Though I don't want to be a humbug sort of person, I should say that we have no evidence that Scrooge made any attempt to right the social wrongs of his day apart from his commitment to private generosity. We don't see Scrooge becoming a crusader for the right of the poor to, say, a decent education. Of course we don't see much of anything about Scrooge's transformed life. I'm simply pointing out that Scrooge's generosity, however laudatory, is not explicitly tied to any effort to help the poor in more structural ways. His transformation may have changed his private relationships, but it may also have left his politics intact.
I do think Dickens is right in his notion that a softened heart is a childlike heart. Jesus Himself says that one must become like a child in order to enter the kingdom of heaven. Though I'm pretty sure He wasn't thinking of playfulness at Christmas, Jesus rightly saw that a life renewed by God has an essential childlike aspect to it. The more our hearts are touched by the Spirit of God, the more we are able to be like children: trusting, free, expressive, spontaneous, enthusiastic, joyful. I'd like to be this sort of person, even more next year than last. I don't need any ghostly visitors, however. But I do need to pay more attention to the One we used to call the Holy Ghost. The third member of the Trinity is able to do in fact, what the spirits of Christmas were able to do in fiction, and much, much more.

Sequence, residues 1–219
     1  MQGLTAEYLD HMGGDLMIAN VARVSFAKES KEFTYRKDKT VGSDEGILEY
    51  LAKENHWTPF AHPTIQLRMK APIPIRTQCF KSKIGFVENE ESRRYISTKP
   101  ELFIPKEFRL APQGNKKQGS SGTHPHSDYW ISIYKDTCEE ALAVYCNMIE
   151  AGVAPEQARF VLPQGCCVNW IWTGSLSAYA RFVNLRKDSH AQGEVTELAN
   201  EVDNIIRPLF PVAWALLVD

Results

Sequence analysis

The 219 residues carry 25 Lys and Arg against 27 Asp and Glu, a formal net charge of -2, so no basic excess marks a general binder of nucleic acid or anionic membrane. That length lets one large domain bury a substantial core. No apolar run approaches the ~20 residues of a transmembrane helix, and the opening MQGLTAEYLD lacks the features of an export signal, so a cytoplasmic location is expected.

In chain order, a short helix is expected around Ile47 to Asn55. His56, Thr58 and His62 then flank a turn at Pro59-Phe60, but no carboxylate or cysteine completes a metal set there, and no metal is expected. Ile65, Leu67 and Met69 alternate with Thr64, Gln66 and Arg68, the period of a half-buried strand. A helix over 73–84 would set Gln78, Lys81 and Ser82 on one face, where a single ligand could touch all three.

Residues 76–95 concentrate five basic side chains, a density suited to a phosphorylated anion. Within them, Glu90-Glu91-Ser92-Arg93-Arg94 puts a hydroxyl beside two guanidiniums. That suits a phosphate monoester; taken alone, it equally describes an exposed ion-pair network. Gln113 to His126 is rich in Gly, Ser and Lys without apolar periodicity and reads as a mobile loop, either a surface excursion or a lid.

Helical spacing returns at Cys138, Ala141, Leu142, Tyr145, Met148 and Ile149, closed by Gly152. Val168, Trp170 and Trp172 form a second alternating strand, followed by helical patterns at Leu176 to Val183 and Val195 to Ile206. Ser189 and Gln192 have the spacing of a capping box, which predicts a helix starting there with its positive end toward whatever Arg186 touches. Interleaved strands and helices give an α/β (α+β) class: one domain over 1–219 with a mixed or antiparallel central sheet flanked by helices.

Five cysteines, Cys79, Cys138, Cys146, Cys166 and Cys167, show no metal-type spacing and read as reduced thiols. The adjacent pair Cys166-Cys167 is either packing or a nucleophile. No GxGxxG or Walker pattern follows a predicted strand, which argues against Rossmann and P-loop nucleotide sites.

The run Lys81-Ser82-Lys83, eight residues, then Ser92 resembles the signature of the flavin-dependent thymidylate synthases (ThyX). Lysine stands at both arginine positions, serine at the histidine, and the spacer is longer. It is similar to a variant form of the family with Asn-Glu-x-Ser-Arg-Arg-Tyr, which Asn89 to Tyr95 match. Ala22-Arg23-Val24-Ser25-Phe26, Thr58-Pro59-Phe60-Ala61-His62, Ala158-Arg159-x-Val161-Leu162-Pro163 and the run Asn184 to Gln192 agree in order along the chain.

Mark D. Roberts, as Senior Director and Scholar-in-Residence for Laity Lodge, is an advisor and frequent contributor to TheHighCalling.org. A Presbyterian pastor, Mark earned his Ph.D. in New Testament from Harvard University. He has written six books, including No Holds Barred: Wrestling with God in Prayer (WaterBrook, 2005). This series of reflections on A Christmas Carol were previously posted on his blog, www.markdroberts.com, and are reprinted with permission.